Microsoft Project has a great feature that allows you to display a critical path for each independent network of tasks within a project. This comes in handy when you want to display a schedule Contract Completion Date (CCD) milestone.
Some scheduling guidelines require a separate milestone for the CCD. Schedulers in Microsoft Project can define a CCD milestone and constrain it to must finish on a particular date. The problem with this approach to displaying a deadline on the Gantt chart is that you lose your critical path.
Fortunately, Microsoft Project has an option to calculate multiple critical paths that sets the scheduling software to display a critical path for each independent network of tasks within the project.
This article provides a quick tip on how to insert a CCD milestone using the option calculate multiple critical paths in Microsoft Project.
Below in Figure 1 is our demonstration schedule.
This is a schedule that has two paths: one critical and one non-critical. We want to insert a CCD milestone in compliance with scheduling guidelines. In Figure 2 we insert a CCD milestone task.
We continue and place a Must Finish On July 3rd, 2019 constraint on this milestone, which is the CCD of the project.
When we insert this constraint on our CCD milestone, Microsoft Project sets the late finish date for our Project Complete milestone, a task without a successor or constraint, equal to the project finish date or CCD. This generates 3 days total slack on our critical path, and makes it non-critical, Figure 4.
So we lose our critical path when we insert the CCD constrained milestone. What happened? Again, by default Microsoft Project sets the late finish date for tasks without successors or constraints (i.e. dangling tasks) to the project finish date. The late finish date of the Project Complete milestone becomes the project finish date, which in our demonstration generates 3-days total slack on this completion milestone. And the associated network of tasks becomes non-critical.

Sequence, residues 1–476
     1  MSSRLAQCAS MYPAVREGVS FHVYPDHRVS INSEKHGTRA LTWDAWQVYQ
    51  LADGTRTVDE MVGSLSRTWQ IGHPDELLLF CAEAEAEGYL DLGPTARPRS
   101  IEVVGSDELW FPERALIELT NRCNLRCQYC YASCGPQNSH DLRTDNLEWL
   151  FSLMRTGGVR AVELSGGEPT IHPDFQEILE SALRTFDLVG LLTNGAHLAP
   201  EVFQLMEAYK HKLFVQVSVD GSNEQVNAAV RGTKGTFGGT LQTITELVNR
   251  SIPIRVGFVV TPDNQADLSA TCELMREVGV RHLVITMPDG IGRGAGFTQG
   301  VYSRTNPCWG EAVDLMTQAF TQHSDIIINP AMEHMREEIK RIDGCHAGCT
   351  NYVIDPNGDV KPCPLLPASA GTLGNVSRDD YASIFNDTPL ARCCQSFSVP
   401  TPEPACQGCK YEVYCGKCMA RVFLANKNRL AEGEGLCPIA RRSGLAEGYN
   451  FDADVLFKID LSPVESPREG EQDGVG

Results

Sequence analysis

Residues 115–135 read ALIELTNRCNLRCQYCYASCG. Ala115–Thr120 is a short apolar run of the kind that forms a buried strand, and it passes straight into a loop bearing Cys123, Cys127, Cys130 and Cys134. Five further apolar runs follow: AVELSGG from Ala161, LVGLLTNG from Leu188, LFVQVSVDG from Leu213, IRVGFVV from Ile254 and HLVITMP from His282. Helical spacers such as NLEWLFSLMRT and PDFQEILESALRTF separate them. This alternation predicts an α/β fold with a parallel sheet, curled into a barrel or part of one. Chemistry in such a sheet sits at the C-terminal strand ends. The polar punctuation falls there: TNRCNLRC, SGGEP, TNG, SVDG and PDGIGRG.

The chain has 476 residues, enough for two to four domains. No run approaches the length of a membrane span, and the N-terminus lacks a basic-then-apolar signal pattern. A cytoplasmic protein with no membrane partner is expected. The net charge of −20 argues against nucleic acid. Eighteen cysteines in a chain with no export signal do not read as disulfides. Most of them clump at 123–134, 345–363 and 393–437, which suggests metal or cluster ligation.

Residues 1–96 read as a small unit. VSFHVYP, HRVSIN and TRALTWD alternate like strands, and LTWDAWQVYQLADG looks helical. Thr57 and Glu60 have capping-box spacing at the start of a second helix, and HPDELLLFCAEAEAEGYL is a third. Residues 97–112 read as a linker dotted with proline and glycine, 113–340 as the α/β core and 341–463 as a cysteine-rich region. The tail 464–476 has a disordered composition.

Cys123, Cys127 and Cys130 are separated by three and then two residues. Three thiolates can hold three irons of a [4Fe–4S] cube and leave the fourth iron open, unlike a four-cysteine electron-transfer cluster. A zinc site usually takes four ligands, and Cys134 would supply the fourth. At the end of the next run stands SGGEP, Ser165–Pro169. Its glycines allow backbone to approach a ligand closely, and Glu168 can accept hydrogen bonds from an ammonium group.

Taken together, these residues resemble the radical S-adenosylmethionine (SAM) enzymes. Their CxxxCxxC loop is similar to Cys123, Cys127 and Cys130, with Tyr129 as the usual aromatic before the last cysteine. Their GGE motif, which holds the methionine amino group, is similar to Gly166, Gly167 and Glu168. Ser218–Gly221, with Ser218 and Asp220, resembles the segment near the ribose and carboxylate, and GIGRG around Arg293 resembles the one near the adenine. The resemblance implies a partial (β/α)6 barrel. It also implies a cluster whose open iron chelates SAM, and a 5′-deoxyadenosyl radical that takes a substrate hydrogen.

To regain our critical path we can set the advanced schedule option in Microsoft Project to Calculate Multiple Critical Paths, Figure 5.
Now when Microsoft Project calculates the schedule we find our critical path, Figure 6.
When we chose to Calculate Multiple Critical Paths, Microsoft Project set the late finish date for our dangling Project Complete milestone to be its early finish date, making it critical.
It’s important to maintain one continuous critical path through the schedule network. This becomes a challenge when we insert a CCD constrained milestone. What happens is the CCD becomes the late finish date for tasks without successors or constraints, making the associated network of tasks non-critical.
This situation, fortunately, is remedied by setting the advanced schedule option in Microsoft Project to calculate multiple critical paths. This setting sets the late finish date of dangling tasks to be their early finish date, which makes them critical.